Every time Daniel Huntsman specifies a color for a screw on a hinge, he knows there's a good chance it will change. If Huntsman Architectural Group buys a new computer to help create office designs, the CEO knows it will soon be rendered obsolete by a new and improved model. And whenever a new market develops for the 19-year-old company, as it recently has with the growing demand to design spaces for Bay area Internet start-ups, Huntsman knows it will eventually be replaced by a new market requiring new skills.
The process of change is exhausting and may be ultimately destructive if left unchecked, according to Huntsman. "I get worn out by it," says the 50-year-old, whose San Francisco firm employs 55 people. "Change is good, but too much of it wears things out. And change for the sake of change isn't always good."
Numerous business executives agree with Huntsman that change must be limited sometimes, instead of uncritically embraced, if it's to be managed effectively. The Federal Reserve Bank, 3M and Wal-Mart are a few large, successful organizations that have been singled out as being less than enthusiastic about sweeping change. The Fed, as part of its Y2K risk control effort, actually proscribed change at the end of last year and the beginning of this year. By limiting changes, it provided a stable internal processing environment-entering 2000 and minimized the changes its customers would have to make to applications that interface with the Fed's software.
Limiting change may well be an idea whose time has come. Change has been presented lately as an absolute good, something to be actively encouraged for its own intrinsic worth. But the pursuit of pointless new initiatives wastes corporate resources, warns Deborah J. Barrett, Ph.D., instructor and director of MBA Communications at Rice University's Jones Graduate School of Management in Houston.
"Unfortunately, businesses have gotten caught up in change for change's sake," says Barrett. "They think changing will keep them out in front of the competition. But organizations need some stability. The idea of change for change's sake isn't a good approach to managing a business."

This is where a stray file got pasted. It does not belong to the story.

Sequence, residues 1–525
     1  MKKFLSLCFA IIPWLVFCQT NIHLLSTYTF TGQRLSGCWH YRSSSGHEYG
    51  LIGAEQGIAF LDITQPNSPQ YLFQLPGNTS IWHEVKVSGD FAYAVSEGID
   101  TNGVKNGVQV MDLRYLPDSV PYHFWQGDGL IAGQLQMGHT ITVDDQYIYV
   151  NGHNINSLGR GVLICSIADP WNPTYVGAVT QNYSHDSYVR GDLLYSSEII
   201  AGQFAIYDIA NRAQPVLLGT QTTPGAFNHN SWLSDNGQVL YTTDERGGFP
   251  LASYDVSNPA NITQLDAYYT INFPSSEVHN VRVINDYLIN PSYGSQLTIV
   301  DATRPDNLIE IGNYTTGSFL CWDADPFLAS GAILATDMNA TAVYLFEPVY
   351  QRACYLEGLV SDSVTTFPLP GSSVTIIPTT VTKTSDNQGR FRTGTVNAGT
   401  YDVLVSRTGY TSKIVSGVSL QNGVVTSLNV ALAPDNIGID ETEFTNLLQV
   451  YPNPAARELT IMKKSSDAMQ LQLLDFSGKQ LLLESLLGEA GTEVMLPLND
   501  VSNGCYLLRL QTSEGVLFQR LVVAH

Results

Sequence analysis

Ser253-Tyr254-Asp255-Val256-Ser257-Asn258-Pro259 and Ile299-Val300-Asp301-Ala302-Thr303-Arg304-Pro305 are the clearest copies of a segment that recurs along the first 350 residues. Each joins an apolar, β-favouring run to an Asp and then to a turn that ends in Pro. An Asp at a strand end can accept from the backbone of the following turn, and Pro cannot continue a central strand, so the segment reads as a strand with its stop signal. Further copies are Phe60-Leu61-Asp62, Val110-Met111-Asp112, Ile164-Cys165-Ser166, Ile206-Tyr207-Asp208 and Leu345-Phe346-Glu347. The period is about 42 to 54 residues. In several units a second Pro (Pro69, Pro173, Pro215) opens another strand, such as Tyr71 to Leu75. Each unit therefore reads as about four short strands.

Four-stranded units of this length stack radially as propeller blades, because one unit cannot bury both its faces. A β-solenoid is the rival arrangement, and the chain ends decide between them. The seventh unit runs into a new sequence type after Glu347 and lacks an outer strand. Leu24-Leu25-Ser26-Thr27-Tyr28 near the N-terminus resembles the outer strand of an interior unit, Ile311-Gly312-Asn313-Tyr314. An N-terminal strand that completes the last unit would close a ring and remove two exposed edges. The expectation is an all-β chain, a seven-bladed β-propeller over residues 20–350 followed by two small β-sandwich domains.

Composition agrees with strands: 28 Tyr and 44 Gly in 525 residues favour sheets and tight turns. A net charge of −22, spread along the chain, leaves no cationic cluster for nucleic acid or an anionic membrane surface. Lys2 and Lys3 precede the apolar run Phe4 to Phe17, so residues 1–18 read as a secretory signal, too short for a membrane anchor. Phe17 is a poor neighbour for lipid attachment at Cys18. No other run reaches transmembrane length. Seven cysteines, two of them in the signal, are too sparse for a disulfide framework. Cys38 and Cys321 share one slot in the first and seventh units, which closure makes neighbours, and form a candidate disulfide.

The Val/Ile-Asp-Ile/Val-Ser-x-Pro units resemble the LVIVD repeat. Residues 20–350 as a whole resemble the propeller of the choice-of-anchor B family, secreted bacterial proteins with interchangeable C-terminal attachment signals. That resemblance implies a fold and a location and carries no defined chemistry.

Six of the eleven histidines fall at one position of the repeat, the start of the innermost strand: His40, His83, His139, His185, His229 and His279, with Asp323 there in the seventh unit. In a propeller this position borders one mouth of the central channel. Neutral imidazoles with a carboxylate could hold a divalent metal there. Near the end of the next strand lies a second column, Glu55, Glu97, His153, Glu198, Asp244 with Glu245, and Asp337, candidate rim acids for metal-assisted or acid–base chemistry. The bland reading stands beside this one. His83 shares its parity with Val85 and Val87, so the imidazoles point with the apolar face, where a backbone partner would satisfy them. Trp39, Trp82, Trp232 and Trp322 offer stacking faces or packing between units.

Mark Henricks is an Austin, Texas, writer who specializes in business topics and has written for Entrepreneur for 10 years.
A Developing Phenomenon
People have been concerned about change throughout the ages. Four centuries ago, Sir Walter Raleigh warned, "There is nothing exempt from the peril of mutation." In the early 20th century, management innovators like Frederick W. Taylor studied the effects of changes in compensation schemes on worker productivity. And in 1970, author Alvin Toffler made change a popular issue in his book Future Shock.
"The key guy was Alvin Toffler," says Jerome Katz, a professor of management at Saint Louis University. "He was the first one saying the pace of change was accelerating and could get too fast for people."
Future Shock was a bestseller in its first year. Since that time, however, attitudes toward change have, well, changed. That's notably true in business. And today the concept that change can be beneficial has been distorted to the point that it's embraced uncritically by the average executive, explains Katz. "Change is now a generic good," he says. "If you say you're not in favor of change, people look at you funny."
Love of change is, to some extent, a particularly American passion. "In many parts of the world, change is looked upon skeptically," Katz says. China, for instance, is both a hotbed of entrepreneurship and a highly traditional society simultaneously, he notes. Other societies make that work.